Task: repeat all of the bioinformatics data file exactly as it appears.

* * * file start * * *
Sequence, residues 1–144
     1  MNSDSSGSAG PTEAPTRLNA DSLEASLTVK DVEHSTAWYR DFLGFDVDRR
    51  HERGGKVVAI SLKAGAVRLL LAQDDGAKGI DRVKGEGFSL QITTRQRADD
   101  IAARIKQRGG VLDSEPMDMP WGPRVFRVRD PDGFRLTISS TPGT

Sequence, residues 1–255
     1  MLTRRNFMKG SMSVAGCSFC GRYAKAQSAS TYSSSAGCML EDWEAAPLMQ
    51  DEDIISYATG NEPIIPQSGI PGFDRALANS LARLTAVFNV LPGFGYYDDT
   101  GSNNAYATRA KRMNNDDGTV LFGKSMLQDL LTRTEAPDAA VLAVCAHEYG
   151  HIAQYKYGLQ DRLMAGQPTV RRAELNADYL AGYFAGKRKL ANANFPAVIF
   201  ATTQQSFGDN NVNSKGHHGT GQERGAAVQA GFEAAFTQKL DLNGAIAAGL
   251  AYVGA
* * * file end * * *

Sequence, residues 1–144
     1  MNSDSSGSAG PTEAPTRLNA DSLEASLTVK DVEHSTAWYR DFLGFDVDRR
    51  HERGGKVVAI SLKAGAVRLL LAQDDGAKGI DRVKGEGFSL QITTRQRADD
   101  IAARIKQRGG VLDSEPMDMP WGPRVFRVRD PDGFRLTISS TPGT

Sequence, residues 1–255
     1  MLTRRNFMKG SMSVAGCSFC GRYAKAQSAS TYSSSAGCML EDWEAAPLMQ
    51  DEDIISYATG NEPIIPQSGI PGFDRALANS LARLTAVFNV LPGFGYYDDT
   101  GSNNAYATRA KRMNNDDGTV LFGKSMLQDL LTRTEAPDAA VLAVCAHEYG
   151  HIAQYKYGLQ DRLMAGQPTV RRAELNADYL AGYFAGKRKL ANANFPAVIF
   201  ATTQQSFGDN NVNSKGHHGT GQERGAAVQA GFEAAFTQKL DLNGAIAAGL
   251  AYVGA